Emil was a reporter for The Next Web between 2012 and 2014. Over the years, he has covered the tech industry for multiple publications, incl Emil was a reporter for The Next Web between 2012 and 2014. Over the years, he has covered the tech industry for multiple publications, including Ars Technica, Neowin, TechSpot, ZDNet, and CNET. Stay in touch via Facebook, Twitter, and Google+.
Facebook users are warning each other that the service will soon start charging its members “due to the upcoming profile changes.” This is an old hoax being reused again: Facebook changes its profiles often enough that scammers can use the same message every year. Last year this scam showed up in September; this year it’s October.
As you can see in the image above, courtesy of Sophos, the “advice” comes a message like this one:
FACEBOOK JUST RELEASED THEIR PRICE GRID FOR MEMBERSHIP. $9.99 PER MONTH FOR GOLD MEMBER SERVICES, $6.99 PER MONTH FOR SILVER MEMBER SERVICES, $3.99 PER MONTH FOR BRONZE MEMBER SERVICES, FREE IF YOU COPY AND PASTE THIS MESSAGE BEFORE MIDNIGHT TONIGHT. WHEN YOU SIGN ON TOMORROW MORNING YOU WILL BE PROMPTED FOR PAYMENT. IT IS OFFICIAL IT WAS EVEN ON THE NEWS. FACEBOOK WILL START CHARGING DUE TO THE NEW PROFILE CHANGES. IF YOU COPY THIS ON YOUR WALL YOUR ICON WILL TURN BLUE AND FACEBOOK WILL BE FREE FOR YOU. PLEASE PASS THIS MESSAGE ON…
Many scams have claimed Facebook will ask you to pay in one form or another, but they’re all bogus. This is a hoax; Menlo Park will never ask you to pay to use its service.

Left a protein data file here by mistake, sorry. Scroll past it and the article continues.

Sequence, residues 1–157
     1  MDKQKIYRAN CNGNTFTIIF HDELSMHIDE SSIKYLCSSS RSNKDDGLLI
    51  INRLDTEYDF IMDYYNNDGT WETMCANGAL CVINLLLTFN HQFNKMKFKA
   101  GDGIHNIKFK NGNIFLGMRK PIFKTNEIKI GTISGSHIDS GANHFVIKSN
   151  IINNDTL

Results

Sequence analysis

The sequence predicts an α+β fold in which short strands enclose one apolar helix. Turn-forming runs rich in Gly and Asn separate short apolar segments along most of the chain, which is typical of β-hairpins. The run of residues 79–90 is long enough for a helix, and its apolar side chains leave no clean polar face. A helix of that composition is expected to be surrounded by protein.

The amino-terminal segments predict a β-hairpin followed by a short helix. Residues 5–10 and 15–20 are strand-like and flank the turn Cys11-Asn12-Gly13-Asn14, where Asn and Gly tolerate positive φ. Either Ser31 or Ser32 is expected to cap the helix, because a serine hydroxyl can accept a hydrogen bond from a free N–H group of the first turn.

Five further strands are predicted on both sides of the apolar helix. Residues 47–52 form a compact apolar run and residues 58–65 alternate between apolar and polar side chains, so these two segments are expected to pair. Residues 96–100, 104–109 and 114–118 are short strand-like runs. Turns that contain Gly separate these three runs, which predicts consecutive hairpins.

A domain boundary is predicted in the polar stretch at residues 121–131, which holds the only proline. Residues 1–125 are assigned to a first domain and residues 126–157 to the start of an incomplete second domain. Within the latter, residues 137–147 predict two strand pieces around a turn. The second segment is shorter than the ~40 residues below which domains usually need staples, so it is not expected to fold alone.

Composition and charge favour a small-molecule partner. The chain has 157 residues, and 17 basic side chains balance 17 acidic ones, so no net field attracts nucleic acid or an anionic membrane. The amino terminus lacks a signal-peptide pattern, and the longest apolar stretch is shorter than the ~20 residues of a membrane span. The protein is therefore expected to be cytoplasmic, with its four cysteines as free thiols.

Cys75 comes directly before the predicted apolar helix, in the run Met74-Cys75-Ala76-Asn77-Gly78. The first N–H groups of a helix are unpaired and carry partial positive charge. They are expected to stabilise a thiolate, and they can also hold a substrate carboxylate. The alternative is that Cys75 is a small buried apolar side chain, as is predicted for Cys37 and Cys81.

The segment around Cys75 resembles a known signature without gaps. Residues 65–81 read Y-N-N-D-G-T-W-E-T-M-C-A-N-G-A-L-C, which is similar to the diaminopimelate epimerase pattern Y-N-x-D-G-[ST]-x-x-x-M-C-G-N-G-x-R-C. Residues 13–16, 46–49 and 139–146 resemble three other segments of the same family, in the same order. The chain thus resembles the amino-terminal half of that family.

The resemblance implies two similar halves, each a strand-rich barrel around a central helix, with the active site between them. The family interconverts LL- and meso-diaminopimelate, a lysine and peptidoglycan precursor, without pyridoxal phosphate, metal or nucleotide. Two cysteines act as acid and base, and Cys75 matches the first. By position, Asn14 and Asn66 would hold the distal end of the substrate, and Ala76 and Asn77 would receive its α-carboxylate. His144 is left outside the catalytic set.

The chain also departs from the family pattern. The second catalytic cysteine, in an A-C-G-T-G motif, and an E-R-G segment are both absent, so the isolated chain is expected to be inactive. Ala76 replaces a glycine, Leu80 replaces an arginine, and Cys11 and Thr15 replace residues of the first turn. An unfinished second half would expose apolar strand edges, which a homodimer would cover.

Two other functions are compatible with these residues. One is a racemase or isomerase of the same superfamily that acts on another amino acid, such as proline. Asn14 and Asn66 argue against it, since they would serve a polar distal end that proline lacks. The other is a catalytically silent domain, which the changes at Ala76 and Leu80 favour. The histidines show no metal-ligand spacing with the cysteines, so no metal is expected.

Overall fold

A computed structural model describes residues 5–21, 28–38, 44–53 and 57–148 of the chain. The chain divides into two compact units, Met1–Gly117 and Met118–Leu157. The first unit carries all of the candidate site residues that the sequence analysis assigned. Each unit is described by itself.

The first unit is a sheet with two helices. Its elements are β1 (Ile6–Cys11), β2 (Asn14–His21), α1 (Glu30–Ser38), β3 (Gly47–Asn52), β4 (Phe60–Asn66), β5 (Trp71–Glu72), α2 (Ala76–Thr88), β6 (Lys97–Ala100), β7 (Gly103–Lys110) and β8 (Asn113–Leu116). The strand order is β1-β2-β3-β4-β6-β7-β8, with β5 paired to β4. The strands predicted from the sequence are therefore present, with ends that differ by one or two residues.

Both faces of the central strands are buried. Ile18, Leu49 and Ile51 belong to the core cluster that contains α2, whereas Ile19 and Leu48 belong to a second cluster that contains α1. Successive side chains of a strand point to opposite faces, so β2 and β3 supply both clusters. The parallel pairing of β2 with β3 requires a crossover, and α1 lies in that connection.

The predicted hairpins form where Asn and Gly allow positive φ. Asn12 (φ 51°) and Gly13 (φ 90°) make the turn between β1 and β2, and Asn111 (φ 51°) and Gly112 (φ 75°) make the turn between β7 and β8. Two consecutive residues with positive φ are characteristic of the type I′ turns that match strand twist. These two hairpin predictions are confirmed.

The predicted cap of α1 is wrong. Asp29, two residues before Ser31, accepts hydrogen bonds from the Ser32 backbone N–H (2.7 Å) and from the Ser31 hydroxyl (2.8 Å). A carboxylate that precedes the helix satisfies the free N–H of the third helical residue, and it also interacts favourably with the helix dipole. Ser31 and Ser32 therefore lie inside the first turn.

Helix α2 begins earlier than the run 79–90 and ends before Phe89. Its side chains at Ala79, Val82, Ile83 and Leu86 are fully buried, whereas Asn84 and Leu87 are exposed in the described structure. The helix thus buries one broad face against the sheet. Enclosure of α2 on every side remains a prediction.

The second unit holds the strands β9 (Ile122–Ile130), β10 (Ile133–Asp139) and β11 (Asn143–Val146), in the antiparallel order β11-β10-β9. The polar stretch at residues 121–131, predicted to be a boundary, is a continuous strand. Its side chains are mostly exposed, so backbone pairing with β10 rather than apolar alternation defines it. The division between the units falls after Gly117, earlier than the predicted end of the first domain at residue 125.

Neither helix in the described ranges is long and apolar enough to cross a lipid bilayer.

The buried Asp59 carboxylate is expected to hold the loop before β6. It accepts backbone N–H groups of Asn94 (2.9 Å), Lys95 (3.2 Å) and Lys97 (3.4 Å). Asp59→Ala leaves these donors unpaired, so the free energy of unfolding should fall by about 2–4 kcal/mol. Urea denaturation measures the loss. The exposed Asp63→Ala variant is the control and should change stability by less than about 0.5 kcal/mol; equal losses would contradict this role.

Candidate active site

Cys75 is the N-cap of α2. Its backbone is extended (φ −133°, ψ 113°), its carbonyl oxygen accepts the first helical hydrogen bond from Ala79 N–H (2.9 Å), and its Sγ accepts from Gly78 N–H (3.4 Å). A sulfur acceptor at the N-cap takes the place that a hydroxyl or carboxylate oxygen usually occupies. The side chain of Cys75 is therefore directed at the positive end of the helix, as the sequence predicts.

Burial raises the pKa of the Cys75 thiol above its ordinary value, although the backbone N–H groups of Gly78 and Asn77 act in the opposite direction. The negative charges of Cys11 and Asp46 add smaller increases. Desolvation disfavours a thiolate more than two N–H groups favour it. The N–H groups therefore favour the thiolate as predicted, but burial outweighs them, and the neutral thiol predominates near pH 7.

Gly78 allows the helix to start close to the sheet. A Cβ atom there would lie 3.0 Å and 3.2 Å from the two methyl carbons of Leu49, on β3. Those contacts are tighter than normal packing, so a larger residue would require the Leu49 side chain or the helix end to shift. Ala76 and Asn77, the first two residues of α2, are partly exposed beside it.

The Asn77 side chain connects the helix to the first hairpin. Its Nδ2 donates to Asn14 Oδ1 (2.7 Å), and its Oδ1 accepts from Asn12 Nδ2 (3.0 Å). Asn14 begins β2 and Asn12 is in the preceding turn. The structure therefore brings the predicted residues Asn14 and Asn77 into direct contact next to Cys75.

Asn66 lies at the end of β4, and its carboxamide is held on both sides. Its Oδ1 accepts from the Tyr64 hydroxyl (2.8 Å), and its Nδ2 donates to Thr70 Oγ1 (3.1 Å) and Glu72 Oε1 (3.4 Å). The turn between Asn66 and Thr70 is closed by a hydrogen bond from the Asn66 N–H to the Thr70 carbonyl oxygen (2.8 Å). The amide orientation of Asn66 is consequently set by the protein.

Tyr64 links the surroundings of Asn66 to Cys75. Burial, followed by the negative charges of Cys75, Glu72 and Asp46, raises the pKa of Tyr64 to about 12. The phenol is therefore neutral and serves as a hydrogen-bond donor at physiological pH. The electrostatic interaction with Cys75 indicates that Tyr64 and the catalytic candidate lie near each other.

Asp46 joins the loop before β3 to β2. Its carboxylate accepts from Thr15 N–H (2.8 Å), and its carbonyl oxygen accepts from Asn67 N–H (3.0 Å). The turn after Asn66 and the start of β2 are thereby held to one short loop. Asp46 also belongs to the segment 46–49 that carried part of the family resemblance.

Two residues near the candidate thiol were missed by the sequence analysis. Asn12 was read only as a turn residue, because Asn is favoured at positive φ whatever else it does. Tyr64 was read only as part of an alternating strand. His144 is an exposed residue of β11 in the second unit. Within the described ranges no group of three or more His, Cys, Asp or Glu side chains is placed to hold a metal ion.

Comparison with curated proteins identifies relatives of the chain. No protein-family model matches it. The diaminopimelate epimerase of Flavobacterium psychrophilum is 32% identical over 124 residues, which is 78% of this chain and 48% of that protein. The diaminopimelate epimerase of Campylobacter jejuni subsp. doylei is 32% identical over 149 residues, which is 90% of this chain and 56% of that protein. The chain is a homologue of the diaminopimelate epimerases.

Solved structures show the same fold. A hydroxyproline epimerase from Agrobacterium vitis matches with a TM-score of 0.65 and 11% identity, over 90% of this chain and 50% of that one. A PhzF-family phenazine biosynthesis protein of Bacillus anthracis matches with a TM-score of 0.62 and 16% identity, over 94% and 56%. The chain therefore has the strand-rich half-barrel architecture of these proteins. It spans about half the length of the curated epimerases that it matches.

Don’t believe me? Facebook says so itself on the website’s homepage. If you’re logged in, you’ll have to log out to see the message: “It’s free and always will be.” The company also says so on its Help Center: “We will always keep Facebook a free service for everyone.”
Facebook may not be doing so well on the stock market, but the company is still raking in billions of dollars every year. Suddenly charging users to access the site would be business suicide.
As a general word of caution, don’t trust everything you read on the Internet; that includes Facebook. Also, don’t blindly copy and paste warnings just because your Facebook friend’s status tells you to. Although you probably mean well, you could be helping a hoax go viral on the social network and scamming even more people.
Update at 1:45PM EST: “We have no plans to charge for Facebook,” a Facebook confirmed with The Next Web. “It’s free and always will be.”
Image credit: Simon Smetryns
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